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    My wife and I have been married for 44 years and we've been tandeming together for 31. Over that time I've learned that some questions are best left unanswered. This is one of them.

  19. #19
    No Pain, No Pizza Thigh Master's Avatar
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    Who said tandem riding was about riding "equally?" If anything, it allows the opposite while you ride together.

    It's not about who "is" or "is not" pulling their weight. As long as you don't care how fast you go, it's just about how hard you want to ride and how hard your partner wants to ride. Why would one have to ride as hard as the other?

    Why are you knocking yourself out on hills and expecting your partner to do the same - I mean, unless you are afraid you will tip by going too slow up-hill and need their help to keep you above 3-4 mph, why not just ride your ride and let your partner ride their ride?

  20. #20
    pan y agua merlinextraligh's Avatar
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    ^
    True. However, it can be a bit frustrating. I race Cat 4. Not the fastest guy around, but a heck of a lot faster than my stoker, who at her current fitness would struggle to keep up with a "B" group of tourists.

    Going up a hill, struggling to keep a decent pace, it can be frustrating when your stoker is chatting away, and you can't even answer back in complete sentences because you're dieing, in spite of being way more fit.

    I try to console myself with the fact I'm getting a lot of work.

  21. #21
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    Quote Originally Posted by merlinextraligh View Post
    Going up a hill, struggling to keep a decent pace, it can be frustrating when your stoker is chatting away, and you can't even answer back in complete sentences because you're dieing, in spite of being way more fit.

    I try to console myself with the fact I'm getting a lot of work.
    I know it is hard. I go through the same thing but with my kids.

    I can only suggest that you find a way to compromise. I'll leave the details of how to successfully have that conversation to you and any other resources you might have . My guess is that without a compromise and you get what you want, which I think is a harder working stoker, she may not be as excited to ride that expensive little two seater. And vice versa. I am pretty sure you don't want that battle carrying over to non-riding time.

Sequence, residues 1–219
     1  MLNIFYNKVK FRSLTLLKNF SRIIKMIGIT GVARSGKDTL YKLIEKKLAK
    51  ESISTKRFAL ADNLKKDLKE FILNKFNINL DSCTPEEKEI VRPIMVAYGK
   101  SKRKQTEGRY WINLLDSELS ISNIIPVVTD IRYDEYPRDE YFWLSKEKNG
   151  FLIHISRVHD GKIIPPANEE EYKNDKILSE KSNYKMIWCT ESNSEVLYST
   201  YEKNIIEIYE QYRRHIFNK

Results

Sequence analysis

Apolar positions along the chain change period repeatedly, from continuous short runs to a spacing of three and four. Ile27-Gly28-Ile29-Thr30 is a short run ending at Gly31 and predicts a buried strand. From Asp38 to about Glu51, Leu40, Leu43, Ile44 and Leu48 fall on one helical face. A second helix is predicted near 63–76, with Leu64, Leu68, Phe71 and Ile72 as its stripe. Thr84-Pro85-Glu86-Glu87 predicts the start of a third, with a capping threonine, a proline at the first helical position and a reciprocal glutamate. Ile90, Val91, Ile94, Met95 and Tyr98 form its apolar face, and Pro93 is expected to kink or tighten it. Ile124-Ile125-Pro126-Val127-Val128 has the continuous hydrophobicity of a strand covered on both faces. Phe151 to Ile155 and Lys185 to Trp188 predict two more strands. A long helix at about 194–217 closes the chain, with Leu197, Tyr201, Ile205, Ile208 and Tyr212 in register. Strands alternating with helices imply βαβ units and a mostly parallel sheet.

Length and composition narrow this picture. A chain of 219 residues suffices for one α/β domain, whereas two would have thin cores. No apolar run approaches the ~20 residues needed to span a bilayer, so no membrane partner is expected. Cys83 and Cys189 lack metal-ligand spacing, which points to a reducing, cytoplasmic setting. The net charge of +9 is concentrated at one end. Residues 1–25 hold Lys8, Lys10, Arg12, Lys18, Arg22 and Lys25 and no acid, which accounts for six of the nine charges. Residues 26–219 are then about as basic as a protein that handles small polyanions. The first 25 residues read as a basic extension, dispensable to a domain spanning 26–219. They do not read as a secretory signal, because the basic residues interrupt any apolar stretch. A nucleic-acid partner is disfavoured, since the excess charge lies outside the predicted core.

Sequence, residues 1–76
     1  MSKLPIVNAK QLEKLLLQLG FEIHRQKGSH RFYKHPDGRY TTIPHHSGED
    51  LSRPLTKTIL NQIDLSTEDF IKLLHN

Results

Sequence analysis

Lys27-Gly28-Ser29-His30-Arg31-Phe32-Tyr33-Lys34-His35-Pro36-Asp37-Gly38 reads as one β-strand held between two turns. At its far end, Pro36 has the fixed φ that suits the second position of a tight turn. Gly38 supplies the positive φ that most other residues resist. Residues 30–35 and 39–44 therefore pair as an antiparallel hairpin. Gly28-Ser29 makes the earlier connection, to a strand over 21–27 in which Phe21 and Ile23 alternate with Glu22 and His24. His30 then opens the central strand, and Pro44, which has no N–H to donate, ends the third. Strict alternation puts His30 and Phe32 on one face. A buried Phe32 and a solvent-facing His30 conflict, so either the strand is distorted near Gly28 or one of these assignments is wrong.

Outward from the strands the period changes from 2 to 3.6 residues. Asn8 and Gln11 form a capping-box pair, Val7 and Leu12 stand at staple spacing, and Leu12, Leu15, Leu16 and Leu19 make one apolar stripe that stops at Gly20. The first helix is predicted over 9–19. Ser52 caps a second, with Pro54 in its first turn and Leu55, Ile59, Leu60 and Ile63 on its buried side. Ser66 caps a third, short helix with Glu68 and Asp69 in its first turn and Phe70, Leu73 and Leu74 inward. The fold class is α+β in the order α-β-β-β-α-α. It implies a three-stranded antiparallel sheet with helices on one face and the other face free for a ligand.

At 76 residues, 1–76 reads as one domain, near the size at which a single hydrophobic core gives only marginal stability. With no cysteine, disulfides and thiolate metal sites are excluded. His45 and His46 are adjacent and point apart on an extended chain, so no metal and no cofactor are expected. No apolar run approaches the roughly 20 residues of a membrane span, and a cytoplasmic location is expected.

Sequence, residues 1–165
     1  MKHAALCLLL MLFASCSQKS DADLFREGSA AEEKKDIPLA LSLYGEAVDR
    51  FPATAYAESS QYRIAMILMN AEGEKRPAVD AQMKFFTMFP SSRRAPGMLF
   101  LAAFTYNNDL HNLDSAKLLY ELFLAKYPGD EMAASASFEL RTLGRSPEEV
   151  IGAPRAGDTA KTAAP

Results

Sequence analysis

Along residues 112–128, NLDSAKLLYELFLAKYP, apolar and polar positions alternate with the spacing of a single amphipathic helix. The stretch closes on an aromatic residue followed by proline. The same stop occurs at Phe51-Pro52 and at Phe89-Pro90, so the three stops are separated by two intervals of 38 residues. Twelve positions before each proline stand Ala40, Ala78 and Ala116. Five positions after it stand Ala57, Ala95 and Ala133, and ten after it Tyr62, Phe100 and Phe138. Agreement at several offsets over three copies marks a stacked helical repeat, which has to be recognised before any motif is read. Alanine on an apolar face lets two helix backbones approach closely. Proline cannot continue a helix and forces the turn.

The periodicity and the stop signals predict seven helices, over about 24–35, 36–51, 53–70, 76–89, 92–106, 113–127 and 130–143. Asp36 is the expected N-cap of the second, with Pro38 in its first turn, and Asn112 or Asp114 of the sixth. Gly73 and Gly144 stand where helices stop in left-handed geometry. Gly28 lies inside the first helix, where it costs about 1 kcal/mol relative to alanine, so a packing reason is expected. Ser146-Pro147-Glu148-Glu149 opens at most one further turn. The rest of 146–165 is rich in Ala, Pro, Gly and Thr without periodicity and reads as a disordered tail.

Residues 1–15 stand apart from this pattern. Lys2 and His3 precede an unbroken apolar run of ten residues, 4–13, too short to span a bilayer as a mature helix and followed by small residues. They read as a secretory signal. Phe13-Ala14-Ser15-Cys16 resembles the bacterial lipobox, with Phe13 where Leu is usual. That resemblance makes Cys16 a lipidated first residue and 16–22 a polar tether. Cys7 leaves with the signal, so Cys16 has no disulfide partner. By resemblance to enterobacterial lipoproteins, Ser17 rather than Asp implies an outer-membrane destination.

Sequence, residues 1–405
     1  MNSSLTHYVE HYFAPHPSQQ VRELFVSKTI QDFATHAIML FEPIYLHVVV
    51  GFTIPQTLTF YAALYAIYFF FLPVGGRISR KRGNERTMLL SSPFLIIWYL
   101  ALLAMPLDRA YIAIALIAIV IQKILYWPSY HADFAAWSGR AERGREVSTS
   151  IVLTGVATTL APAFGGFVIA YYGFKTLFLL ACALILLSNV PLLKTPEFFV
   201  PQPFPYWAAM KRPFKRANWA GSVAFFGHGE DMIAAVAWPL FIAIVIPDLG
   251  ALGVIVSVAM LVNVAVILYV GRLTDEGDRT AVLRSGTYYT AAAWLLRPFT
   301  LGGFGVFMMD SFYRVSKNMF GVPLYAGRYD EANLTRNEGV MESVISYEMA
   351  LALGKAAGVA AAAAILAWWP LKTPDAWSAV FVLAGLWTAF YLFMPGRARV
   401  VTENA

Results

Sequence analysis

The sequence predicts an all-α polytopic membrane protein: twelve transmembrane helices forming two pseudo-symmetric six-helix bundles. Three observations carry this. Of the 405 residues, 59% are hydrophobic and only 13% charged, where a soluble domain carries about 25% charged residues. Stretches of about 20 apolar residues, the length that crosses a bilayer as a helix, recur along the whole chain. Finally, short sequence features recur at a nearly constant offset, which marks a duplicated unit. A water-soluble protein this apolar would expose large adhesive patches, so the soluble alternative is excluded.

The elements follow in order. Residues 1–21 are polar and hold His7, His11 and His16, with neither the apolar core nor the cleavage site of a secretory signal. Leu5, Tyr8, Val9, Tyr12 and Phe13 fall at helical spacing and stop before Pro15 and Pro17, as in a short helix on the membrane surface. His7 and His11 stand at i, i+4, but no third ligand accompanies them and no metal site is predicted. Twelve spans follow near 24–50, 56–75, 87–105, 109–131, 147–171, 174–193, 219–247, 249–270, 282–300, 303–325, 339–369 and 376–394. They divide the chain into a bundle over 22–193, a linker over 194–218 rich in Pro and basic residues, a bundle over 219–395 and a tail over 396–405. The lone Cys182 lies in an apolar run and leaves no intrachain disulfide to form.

For example, I was a little too gruff the other morning going up one of our climbs taking #2 to school. Not as much chit chat since then. I wish I had kept my mouth shut and found a way to not try to make them as uncomfortable as I was. I hope the random ramblings will come back around before too long. I miss the little buggers prattle .

  22. #22
    Senior Member Retro Grouch's Avatar
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    Quote Originally Posted by merlinextraligh View Post
    ^
    True. However, it can be a bit frustrating. I race Cat 4. Not the fastest guy around, but a heck of a lot faster than my stoker, who at her current fitness would struggle to keep up with a "B" group of tourists.

    Going up a hill, struggling to keep a decent pace, it can be frustrating when your stoker is chatting away, and you can't even answer back in complete sentences because you're dieing, in spite of being way more fit.

    I try to console myself with the fact I'm getting a lot of work.
    You probably need to reprogram your brain. Think of tandeming as a totally separate activity from training or bicycle raceing. Tandeming is a restful, social stroll with the stoker so don't waste your adrenaline on it. Save it up for the roadie.

  23. #23
    Bike Assimilator hypercube33's Avatar
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    Do they still make multi-person tandoms?

  24. #24
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    Downshift & reduce your effort. Bingo, problem solved... unless you were already in your lowest gear (regear the bike) or you were in a hurry (leave earlier next time).

    Otherwise, it's all psychological, and you're pushing yourself too hard!

    -Greg

  25. #25
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    my wife and i participate in a mtb on the road ride on tuesday nights. the route has one big downhill and three climbs. the single bikes always catch and pass us on the hills, but we catch and pass on the flats. we have a lot of fun riding together ( my wife doesn't ride a single bike). she gets dissapointed with me if i back off going uphill!

    steve